Gene Price column -- A little history
By Gene Price
Published in News on February 16, 2004 2:03 PM
It was in the depths of the Great Depression. Young James H. Askins had just come out of Clemson University with a brand new degree and dismal prospects for employment.
He accepted a job with a Timmonsville, S.C., casket manufacturer, doing whatever needed to be done and happy for the opportunity.
One day the owner of the company informed Jimmy that a funeral home way up in Goldsboro, N.C., had ordered a couple of coffins and he was to deliver them.
The funeral home operator also was in the grips of the depression. He informed the young "delivery man" that he didn't have the cash on hand or in the bank to pay for the caskets. But he assured Jimmy that as soon he could fill the coffins with clients, the money would be forthcoming.
Askins was understanding and sympathetic. He drove back to Timmonsville and related the circumstances to his boss. But the boss was far less sympathetic than his young protégé. He sternly instructed Askins to return to Goldsboro and not come back until he had either the cash money or the coffins.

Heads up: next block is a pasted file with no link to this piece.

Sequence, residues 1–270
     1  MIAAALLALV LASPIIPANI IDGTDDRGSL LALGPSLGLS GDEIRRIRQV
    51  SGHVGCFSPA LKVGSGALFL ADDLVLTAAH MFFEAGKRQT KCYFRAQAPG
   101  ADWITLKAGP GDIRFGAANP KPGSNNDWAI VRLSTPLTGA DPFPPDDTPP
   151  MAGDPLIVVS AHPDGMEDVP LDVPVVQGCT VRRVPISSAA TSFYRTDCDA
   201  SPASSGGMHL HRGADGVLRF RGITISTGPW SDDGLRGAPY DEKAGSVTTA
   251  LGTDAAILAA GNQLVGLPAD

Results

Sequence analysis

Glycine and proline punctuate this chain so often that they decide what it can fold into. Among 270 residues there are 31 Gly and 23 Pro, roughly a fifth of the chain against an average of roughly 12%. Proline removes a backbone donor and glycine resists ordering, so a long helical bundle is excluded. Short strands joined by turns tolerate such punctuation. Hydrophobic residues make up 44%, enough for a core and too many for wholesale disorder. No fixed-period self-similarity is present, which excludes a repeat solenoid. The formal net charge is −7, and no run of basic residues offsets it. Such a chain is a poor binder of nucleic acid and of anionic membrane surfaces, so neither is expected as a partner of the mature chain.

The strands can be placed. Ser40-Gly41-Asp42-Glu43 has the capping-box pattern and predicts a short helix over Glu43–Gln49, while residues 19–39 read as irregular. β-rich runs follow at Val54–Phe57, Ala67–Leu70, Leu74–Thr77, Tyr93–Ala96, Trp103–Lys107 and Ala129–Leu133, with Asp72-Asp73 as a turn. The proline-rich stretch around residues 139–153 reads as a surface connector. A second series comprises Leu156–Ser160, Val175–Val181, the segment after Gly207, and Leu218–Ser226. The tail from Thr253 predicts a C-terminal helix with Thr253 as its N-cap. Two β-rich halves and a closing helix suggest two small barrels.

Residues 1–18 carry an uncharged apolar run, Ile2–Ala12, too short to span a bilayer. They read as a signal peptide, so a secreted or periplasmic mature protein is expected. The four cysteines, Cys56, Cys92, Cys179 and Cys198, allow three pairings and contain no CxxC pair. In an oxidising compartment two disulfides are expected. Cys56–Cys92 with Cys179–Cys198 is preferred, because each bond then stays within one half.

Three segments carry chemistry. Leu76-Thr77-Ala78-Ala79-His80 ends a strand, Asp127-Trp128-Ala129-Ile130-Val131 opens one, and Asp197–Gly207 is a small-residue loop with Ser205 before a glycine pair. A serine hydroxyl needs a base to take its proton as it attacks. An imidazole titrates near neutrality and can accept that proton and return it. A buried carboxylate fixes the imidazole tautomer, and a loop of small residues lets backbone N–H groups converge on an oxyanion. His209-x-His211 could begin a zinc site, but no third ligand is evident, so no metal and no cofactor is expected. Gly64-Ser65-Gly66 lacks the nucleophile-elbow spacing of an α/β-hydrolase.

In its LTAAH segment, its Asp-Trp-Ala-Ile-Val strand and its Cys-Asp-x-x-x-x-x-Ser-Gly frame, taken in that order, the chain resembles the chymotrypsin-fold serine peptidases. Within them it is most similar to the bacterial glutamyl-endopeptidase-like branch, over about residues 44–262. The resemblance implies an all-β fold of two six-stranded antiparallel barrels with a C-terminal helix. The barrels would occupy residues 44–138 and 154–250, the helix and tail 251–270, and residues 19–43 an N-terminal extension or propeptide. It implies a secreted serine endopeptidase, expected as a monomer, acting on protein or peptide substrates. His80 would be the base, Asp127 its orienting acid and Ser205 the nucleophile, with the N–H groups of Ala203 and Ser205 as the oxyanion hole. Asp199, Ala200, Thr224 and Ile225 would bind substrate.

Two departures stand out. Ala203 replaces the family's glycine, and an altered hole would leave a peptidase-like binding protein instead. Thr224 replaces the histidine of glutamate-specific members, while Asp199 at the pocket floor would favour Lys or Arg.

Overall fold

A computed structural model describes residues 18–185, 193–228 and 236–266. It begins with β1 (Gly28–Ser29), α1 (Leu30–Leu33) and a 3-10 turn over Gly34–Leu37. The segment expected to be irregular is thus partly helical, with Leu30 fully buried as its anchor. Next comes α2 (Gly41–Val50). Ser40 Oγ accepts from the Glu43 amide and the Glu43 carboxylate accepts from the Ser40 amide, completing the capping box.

By the time Jimmy arrived back in Goldsboro, the caskets were occupied, but the funeral home was, itself, waiting to be paid.
Low on energy and ideas and even lower on funds, Askins had to sleep in his truck. But as he slept there came a tap on the window.
"Are you all right, young man?" inquired the man beside his truck.
Askins' answer probably was "yes and no." He explained his dilemma to the stranger, who responded:
"My name is Ray Armstrong. I'm superintendent of Goldsboro Schools. I need an industrial arts teacher at the high school ..."
And that's how Jimmy Askins, who later became founder of his own successful plumbing business and a prominent member of the community, came to Goldsboro.
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